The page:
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When a web app's master/detail grid (narrow master on left, wide detail pane on right) is not full-screen like Outlook or the iPad Mail app, but is instead embedded in a page that can be vertically scrolled, then where should the detail pane be vertically displayed when the top of the grid is scrolled off the page when a lower-down element in the master list is selected?

Should the detail pane's content be displayed above the top of the viewport, forcing the user to scroll up to see it? Or should I have the detail pane content "follow" the user as the user scrolls down until it bumps up against the bottom of the grid? Or is there another option?

The particular use-case I have in mind is a master list that will never be longer than 25 items-- long enough that scrolling to the bottom of the list may hide the top of the list on smaller browsers, but short enough that I don't want to put a separate scrollbar on the master list.

I'm sure I'm not the first person to face this quandry. What are options?

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    An example mockup and description of what your app does would be helpful. – user31143 Nov 24 '15 at 7:44
  • While you're waiting for an answer, pull your copy of Alan Cooper's About Face off the shelf and re-read the section on software posture. It will help you to understand your question from another perspective. Don't have this book? Here's some information about it: amazon.co.uk/About-Face-Essentials-Interaction-Design/dp/… – JeromeR Nov 24 '15 at 11:21
  • Why don't you want a separate scrollbar? If you're concerned with the clutter for something rarely needed, hide it until it is needed. – Michael Zuschlag Nov 24 '15 at 13:18
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I guess, it's tough to answer the generic use case without seeing a mockup, but for the particular use-case the following comes to mind:

  • If you don't want the scrollbar in principle you will have to provide some explicit navigation for the users. They won't be pleased if they can't see how to scroll the list.
  • The biggest enemy of any UX designer is an urge to come up with new logic instead of relying on existing patterns. There are not many users who likes to learn how software works, rather than just using it. New elements/logic frequently bring more confusion, than improvement in usability.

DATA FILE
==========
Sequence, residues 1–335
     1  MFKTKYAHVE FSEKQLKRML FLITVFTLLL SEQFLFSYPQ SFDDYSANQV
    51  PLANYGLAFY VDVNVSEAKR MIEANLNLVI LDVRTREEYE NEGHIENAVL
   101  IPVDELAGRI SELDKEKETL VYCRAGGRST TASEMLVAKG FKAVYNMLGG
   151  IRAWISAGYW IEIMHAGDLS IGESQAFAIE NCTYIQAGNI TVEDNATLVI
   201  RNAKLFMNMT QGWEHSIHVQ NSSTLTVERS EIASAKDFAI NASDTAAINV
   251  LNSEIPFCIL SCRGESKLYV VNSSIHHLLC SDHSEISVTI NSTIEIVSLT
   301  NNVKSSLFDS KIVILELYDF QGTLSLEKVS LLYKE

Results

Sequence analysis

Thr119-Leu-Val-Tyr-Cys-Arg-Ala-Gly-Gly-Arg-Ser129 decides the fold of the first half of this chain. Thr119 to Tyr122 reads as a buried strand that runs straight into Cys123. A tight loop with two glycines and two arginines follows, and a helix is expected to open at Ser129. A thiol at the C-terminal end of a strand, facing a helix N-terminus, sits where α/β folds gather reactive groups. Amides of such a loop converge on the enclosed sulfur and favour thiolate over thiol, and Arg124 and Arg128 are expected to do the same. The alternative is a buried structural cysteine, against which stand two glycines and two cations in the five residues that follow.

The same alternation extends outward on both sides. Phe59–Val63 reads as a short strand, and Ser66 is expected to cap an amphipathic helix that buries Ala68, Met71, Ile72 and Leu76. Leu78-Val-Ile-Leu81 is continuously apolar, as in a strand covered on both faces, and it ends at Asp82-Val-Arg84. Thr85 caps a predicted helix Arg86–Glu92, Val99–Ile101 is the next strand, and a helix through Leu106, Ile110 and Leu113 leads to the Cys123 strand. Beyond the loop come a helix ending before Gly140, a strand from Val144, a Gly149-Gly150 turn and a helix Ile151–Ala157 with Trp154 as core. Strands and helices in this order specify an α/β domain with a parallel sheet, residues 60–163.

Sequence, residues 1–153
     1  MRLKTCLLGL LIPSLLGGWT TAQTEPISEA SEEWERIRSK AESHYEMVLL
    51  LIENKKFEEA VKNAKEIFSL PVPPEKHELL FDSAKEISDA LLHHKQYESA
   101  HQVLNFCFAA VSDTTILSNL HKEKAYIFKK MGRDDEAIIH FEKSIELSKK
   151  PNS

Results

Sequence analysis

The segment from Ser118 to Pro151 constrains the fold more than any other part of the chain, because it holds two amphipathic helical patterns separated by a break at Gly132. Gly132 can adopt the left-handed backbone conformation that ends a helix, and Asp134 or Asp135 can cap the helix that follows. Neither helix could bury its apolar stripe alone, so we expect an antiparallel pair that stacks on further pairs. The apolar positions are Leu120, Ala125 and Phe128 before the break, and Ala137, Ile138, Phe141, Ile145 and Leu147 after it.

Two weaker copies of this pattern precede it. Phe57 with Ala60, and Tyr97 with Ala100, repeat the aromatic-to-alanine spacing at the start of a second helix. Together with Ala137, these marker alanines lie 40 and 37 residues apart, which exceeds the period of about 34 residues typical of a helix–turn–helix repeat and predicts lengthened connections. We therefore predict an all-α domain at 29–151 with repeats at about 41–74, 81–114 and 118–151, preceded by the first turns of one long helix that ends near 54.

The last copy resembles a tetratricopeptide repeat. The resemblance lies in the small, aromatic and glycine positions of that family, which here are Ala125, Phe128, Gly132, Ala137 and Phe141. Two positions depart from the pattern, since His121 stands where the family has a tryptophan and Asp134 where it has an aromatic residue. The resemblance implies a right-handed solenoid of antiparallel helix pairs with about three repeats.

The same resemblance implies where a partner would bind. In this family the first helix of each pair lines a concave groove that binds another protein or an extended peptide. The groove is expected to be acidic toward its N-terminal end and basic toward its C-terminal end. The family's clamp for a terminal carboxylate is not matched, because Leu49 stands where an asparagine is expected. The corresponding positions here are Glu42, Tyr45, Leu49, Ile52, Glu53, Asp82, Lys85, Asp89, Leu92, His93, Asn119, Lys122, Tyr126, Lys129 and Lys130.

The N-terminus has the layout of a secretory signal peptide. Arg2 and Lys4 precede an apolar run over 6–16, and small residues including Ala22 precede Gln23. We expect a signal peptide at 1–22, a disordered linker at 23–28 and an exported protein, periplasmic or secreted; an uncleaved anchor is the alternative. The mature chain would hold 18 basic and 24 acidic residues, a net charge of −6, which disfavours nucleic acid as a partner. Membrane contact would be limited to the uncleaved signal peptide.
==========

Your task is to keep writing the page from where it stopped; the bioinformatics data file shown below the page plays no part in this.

• That said, why not to check if master list fits the page? If it does, don't show the scrollbar. This is default behavior for most content elements.
  • If this answer is absolutely not acceptable, I would suggest something like this: enter image description here Clicking the arrows at the bottom/top, essentially, will scroll hidden items into view.
  • "They won't be pleased if they can't see how to scroll the list" it's worth noting that not one of my OS X or iOS devices shows any scroll indicators anywhere (not till you begin scrolling, anyway) – Cai Feb 14 '16 at 15:20
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    @CAI I'm a Mac user for many years and a big proponent of Apple's approach to design. In the recent versions of OS X it's assumed that you may scroll any content which looks scrollable to you. This why scrollbar is not displayed. However, this particular decision is quite controversial exactly for the same reason - there is no clear indication if there is extra content to scroll or not. – mikryz Feb 15 '16 at 7:50
  • Of course - I agree - I just thought it was worth noting :) – Cai Feb 15 '16 at 10:50
  • @mikryz My solution to this (when it is unavoidable) is to make sure that the height of the scrollable box cuts a menu item in half, clearly showing that there is more to see "below the fold". – skybondsor Mar 25 '16 at 16:33

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